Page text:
- Pilate handed Jesus’ body over to a private individual, Joseph of Arimathea, who, in opposition to the wishes of the Sanhedrin, buried Jesus in his own rock tomb. Because it was a family tomb, there would have been other bodies inside the tomb as well.
- Pilate handed Jesus’ body over to a private individual, Joseph of Arimathea, who, in opposition to the wishes of the Sanhedrin, buried Jesus in his own rock tomb. Because it was a new tomb, there were no other bodies inside the tomb as well.
As I understand it, Jodi Magness argues for position 3. Matthew Ferguson, over at his Celsus blog, argues for position 2. Personally, I’m inclined to think position 3 is most likely: it accounts for the Gospel traditions, and it is not too far-fetched, in the light of what we know about Roman crucifixion practices. But here’s the thing: in order to establish the historicity of the empty tomb, you need to argue for position 5. And that’s the least likely position of all, from an independent historian’s standpoint. It goes against all historical precedent.
You also criticize Michael Alter’s arguments in his book, where he attempts to discredit John’s account of Mary and the Beloved Disciple standing at the foot of the Cross:
Alter also uses older sources that have been superseded by new scholarship and fringe sources that a less discerning audience might not be aware of - like when arguing against the bystanders at Jesus’ cross. Maurice Casey was a good scholar on some things, but his work on John is is close to reverse fundamentalism. Likewise, Corley is a part of the Westar Institute which is basically the Jesus Seminar redux… If you actually read the text from Josephus Barrett cites, it’s about getting permission to take people off crosses, not merely approaching them. His understanding of Jesus being crucified because of maxime maiestatis causa damnatorum (high treason) is unlikely - see Craig Evans, John Welch, John Granger Cook, etc. There were a variety lesser charges that fell under maiestatis like laesa maiestas or seditio. For Barrett’s argument to work he needs to have Jesus charged with maxime maiestatis causa damnatorum, but Pilate explicitly finds no fault with Jesus in the gospels and doesn’t see him as a political threat. That’s why a number of scholars who favor the lesser charges like John Welch, Craig Evans, John Granger Cook, Jürgen Moltmann, etc.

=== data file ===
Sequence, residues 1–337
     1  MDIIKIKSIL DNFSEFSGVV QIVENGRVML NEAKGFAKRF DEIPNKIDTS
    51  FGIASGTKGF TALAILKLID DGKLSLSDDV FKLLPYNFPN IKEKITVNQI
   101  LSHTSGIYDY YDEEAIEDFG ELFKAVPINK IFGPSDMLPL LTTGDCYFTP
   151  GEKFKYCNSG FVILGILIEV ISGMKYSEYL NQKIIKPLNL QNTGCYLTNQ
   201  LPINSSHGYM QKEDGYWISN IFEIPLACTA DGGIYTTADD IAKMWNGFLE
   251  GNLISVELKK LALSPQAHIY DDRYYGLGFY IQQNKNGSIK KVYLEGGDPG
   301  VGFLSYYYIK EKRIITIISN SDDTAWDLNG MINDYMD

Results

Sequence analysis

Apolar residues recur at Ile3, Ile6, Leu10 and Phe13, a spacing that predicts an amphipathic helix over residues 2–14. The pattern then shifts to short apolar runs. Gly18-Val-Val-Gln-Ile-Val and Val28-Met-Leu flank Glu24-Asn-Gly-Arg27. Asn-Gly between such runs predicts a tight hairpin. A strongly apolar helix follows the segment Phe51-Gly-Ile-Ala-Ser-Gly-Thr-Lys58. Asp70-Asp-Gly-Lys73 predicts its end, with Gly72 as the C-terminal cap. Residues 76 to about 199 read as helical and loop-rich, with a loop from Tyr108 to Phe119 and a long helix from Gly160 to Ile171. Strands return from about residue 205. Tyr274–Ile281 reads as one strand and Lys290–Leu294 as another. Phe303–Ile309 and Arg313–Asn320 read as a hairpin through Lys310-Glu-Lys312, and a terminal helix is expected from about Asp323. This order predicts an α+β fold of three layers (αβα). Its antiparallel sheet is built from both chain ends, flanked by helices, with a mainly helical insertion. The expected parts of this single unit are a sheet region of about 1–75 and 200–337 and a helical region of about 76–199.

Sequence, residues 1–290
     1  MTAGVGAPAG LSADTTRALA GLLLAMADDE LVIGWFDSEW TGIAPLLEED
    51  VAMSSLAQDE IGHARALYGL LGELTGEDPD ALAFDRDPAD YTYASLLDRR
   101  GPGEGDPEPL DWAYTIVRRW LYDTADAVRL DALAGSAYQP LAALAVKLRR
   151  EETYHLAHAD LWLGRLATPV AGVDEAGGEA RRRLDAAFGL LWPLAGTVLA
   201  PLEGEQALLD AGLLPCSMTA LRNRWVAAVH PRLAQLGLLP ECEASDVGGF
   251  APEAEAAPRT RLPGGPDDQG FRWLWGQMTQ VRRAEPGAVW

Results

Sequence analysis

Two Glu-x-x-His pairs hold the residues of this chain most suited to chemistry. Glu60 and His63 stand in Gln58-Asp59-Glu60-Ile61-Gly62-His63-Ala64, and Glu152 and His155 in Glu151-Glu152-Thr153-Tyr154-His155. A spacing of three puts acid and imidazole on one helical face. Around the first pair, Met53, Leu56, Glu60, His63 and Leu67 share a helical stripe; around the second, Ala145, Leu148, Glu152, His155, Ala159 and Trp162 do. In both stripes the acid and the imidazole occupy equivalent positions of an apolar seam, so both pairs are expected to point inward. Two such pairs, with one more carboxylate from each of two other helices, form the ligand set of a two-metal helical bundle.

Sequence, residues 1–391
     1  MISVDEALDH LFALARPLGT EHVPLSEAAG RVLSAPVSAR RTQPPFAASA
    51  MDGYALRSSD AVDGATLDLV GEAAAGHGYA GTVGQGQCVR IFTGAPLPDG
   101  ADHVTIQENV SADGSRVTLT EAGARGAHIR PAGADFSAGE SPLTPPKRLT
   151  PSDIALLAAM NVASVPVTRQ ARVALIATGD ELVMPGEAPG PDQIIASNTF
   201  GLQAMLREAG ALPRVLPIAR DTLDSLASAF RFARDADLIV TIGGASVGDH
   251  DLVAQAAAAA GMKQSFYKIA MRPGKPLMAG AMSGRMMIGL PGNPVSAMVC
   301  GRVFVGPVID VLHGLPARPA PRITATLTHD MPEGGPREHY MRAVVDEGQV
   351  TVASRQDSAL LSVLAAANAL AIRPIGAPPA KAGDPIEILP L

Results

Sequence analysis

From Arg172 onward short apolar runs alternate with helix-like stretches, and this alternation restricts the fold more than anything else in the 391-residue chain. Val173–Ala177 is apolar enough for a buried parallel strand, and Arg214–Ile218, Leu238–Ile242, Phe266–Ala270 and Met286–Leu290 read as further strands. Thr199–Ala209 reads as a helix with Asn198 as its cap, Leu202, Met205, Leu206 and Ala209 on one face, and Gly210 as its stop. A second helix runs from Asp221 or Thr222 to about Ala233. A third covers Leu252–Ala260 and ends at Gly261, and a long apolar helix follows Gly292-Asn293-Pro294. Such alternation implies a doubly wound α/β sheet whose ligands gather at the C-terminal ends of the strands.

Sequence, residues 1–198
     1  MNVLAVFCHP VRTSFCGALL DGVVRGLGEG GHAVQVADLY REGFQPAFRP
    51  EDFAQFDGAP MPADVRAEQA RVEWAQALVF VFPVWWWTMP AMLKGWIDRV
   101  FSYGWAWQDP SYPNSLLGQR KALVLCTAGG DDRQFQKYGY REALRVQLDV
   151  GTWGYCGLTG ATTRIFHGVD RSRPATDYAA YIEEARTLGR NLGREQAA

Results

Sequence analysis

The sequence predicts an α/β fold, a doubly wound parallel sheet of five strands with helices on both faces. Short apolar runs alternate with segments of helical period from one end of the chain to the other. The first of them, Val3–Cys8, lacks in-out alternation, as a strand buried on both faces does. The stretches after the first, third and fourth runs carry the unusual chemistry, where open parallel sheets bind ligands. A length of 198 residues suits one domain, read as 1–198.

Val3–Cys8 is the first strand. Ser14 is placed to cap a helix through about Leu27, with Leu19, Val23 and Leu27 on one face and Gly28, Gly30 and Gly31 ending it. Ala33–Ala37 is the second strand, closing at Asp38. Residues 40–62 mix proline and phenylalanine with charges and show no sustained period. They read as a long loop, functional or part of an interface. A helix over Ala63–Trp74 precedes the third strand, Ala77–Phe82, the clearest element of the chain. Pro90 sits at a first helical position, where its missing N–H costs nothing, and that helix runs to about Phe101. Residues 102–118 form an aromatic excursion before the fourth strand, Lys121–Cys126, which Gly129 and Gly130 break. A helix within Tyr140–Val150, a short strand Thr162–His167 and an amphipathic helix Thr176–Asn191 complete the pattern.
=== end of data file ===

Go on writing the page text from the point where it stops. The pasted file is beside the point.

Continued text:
Well, at least you appear to have gone out and bought a copy of Alter’s book (am I right)? It’s a pity that Joshua still can’t bring himself to do so. Actually, Alter cites several scholars on the subject:
“Tinsley (1965, 204; cf. Casey 1996, 188; Corley 2004, 81; 1998, 196n117; Thompson 1995, 61) argues that “The Romans did not permit bystanders at the actual place of execution.” Alter then refutes alleged exceptions by citing the work of Corley. Dismissing her as a Jesus Seminar crank (as you do) is an ad hominem argument. Dismissing Maurice Casey as a reverse fundamentalist is equally ad hominem. Casey was a highly respected Biblical scholar, and this is what he wrote about Mary and the Beloved Disciple at the foot of the Cross:
The fourth Gospel’s group of people beside the Cross includes Jesus’ mother and the beloved disciple. It is most likely that these people would have been allowed this close to a Roman crucifixion. If they had been, and they included people central to Jesus’ life and ministry, it is most unlikely that Mark would merely have women watching from a distance. If a major male disciple had approached this close, it is likely that he would have been arrested. (Is John’s Gospel True?, 1996, London: Routledge, p. 188.)
The central question is simply this: is Casey factually correct or not? If you think he’s wrong, please say why.
I’ll leave it there for now. Please remember: I am a Christian, like you. The difference between us is that after a decade of engaging in online apologetics, I’ve soured on many of the arguments I’ve found, and I now think it’s a waste of time arguing for the Resurrection. That doesn’t mean I don’t believe it; it simply means that I believe for personal reasons of my own, which I find myself unable to articulate to other people. Everyone has to hear the still, small voice of God in their own time. And now, over to you.